Jim Flynn

Jim Flynn, Money & the Law

Before COVID-19 came along and changed the world, people who didn’t pay their rent were summarily evicted. Here in Colorado, under normal circumstances, eviction is an expedited process involving a notice to the tenant, with a short deadline, to either pay up or move out and, if the tenant did neither, a simplified court proceeding leading to an order for possession. That order allows the sheriff to remove the tenant from the property, including putting the tenant’s possessions out in the front yard if necessary.

But when shelter at home became a part of the strategy to reduce the spread of COVID-19, it quickly dawned on government officials that sheltering at home required, well, a home. So when Congress passed the Coronavirus Aid, Relief and Economic Security (CARES) Act, knowing 30 million to 40 million people were at risk of eviction, it included in the act a 120-day moratorium on evictions. However, the moratorium only applied to properties having some connection to government-sponsored housing..

Many states, realizing the federal moratorium had gaps, also acted to slow evictions. In Colorado, this has taken the form of an executive order extending the notice-to-tenant time before a landlord can begin an eviction proceeding.

The CARES Act eviction moratorium expired on July 24, and the Centers for Disease Control and Prevention, taking instructions from the White House, has now moved onto the stage with an executive order putting in place an eviction moratorium through the end of the year. This time around, the moratorium is not limited to rental properties having a government program connection; all rental properties are covered. However, not all tenants are covered.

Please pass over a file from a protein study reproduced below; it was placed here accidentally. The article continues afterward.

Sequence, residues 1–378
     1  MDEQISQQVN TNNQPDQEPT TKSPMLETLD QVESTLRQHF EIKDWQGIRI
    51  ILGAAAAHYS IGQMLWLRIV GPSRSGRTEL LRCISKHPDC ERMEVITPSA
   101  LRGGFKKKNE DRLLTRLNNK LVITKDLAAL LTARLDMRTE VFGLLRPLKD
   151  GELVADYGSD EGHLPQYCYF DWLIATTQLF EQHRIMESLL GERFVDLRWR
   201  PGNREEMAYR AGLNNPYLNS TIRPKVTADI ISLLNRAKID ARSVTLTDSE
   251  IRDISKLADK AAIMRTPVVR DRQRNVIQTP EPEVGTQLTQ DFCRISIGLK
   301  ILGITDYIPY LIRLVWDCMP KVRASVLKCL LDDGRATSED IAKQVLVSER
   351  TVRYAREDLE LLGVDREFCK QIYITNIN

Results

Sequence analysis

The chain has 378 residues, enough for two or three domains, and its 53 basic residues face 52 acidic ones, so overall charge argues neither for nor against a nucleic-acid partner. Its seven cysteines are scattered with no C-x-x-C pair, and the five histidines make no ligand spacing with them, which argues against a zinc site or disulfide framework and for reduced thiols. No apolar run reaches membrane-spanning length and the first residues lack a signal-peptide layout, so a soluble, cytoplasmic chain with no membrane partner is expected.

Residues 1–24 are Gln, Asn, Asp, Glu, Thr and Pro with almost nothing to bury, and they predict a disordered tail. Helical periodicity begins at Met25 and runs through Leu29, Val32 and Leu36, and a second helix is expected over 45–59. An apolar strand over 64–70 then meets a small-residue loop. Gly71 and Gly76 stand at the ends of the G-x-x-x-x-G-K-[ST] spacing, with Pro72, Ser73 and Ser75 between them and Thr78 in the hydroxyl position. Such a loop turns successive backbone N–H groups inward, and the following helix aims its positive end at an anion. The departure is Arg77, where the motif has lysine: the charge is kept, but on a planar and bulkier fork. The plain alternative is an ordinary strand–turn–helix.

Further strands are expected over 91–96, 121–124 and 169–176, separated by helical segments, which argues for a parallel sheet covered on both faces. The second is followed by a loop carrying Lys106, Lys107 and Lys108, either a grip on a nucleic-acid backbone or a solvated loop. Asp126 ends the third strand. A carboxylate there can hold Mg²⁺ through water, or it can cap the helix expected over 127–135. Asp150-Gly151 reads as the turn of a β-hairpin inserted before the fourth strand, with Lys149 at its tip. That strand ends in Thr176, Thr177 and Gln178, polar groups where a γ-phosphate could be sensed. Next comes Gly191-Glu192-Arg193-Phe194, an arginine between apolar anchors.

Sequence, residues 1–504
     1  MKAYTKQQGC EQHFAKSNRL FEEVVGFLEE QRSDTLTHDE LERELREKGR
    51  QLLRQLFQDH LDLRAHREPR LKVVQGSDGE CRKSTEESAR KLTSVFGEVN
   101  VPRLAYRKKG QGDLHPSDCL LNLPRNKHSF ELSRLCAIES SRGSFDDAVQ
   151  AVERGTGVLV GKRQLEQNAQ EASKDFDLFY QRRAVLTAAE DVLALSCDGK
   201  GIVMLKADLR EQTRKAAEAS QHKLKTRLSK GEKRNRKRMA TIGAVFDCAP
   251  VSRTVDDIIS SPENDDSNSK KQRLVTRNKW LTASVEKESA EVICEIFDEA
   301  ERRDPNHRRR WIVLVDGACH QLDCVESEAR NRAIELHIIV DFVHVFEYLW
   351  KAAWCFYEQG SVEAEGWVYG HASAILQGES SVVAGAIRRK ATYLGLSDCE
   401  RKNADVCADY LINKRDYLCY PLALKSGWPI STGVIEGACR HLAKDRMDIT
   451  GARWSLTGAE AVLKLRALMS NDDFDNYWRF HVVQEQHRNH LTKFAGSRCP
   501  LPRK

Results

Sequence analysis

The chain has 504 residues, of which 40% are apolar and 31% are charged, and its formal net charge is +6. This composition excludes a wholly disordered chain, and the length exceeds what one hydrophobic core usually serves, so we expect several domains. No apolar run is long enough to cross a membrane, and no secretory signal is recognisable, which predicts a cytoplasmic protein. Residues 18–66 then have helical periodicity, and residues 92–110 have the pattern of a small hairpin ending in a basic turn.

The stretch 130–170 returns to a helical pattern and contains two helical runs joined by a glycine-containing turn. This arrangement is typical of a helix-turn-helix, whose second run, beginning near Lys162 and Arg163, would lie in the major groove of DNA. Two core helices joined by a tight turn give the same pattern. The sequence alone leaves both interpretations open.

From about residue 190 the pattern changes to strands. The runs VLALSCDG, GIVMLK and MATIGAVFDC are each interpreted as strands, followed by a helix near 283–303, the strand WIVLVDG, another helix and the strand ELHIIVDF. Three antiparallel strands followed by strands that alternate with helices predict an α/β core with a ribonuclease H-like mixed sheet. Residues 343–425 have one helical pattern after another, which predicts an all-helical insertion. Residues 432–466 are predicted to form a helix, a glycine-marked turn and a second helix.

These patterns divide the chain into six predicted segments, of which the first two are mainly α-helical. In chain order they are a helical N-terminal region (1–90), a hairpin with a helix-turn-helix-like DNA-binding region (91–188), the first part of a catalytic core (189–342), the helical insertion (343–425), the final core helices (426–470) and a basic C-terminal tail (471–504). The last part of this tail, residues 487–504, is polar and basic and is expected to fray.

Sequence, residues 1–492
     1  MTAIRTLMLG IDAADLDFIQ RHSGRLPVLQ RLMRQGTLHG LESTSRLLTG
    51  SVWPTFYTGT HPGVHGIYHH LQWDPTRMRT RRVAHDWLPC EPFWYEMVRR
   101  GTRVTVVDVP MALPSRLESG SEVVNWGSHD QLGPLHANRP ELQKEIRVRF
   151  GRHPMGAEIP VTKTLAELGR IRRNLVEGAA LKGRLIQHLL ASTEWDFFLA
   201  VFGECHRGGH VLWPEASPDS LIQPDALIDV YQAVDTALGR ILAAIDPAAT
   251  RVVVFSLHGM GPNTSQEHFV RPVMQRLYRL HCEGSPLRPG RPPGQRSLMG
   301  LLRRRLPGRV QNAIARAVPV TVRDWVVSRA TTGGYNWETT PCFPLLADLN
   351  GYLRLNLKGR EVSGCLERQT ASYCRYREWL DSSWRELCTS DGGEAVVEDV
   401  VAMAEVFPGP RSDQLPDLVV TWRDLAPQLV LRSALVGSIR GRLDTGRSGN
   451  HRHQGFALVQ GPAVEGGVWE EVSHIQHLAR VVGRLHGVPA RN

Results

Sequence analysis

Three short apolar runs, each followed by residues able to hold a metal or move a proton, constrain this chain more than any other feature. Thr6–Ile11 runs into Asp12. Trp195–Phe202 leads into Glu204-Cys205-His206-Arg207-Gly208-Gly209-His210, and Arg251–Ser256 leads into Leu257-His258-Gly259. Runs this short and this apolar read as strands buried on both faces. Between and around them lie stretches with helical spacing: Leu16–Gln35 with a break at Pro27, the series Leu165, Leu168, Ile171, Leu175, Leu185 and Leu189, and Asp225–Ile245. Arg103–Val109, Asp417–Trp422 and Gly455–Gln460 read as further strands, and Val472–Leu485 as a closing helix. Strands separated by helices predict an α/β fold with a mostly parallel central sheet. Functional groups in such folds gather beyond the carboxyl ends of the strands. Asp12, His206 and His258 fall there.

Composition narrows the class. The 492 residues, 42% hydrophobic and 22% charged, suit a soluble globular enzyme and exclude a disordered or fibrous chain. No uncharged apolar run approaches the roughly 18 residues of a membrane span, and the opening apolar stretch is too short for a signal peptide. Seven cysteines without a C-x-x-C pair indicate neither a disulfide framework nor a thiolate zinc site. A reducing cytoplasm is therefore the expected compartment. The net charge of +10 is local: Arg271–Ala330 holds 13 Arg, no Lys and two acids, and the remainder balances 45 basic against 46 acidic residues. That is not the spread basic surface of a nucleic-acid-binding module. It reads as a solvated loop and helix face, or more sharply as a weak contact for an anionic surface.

That’s because, to qualify for protection under the CDC executive order, a tenant must submit to the landlord a sworn declaration, under penalty of perjury, stating: (1) I have used best efforts to obtain all available government assistance for rent; (2) I expect to earn no more than $99,000 ($198,000 if filing a joint tax return) in 2020 or I received an Economic Impact Payment under the CARES Act; (3) I am unable to pay my full rent due to substantial loss of household income, loss of compensable hours of work or wages, layoffs, or extraordinary out-of-pocket medical expenses; (4) I am using best efforts to make partial payments as close to the full payment as my circumstances permit; (5) If evicted, I would likely become homeless or need to move into a residence with close quarters, because I have no other options; (6) I understand I must still pay my rent and that fees, penalties and interest may still be charged and collected; and (7) I understand that when the temporary halt to evictions ends on Dec. 31, I may have to pay everything I owe or be subject to eviction.

The National Association of Realtors had this to say about the CDC order: “(T)his order will bring chaos to our nation’s critical rental housing sector and put countless property owners out of business.” The NAR is urging Congress to provide emergency rental assistance directly to housing providers. This, says the NAR, is necessary to provide “Americans’ access to affordable housing…”

To be fully informed on this subject, you should know that American Samoa is excluded from the CDC eviction moratorium. That’s because, per the CDC, American Samoa has had no reported COVID-19 cases.

Jim Flynn is with the Colorado Springs firm of Flynn & Wright; moneylaw@jtflynn.com.

Jim Flynn is with the Colorado Springs firm of Flynn & Wright. You can contact him at moneylaw@jtflynn.com

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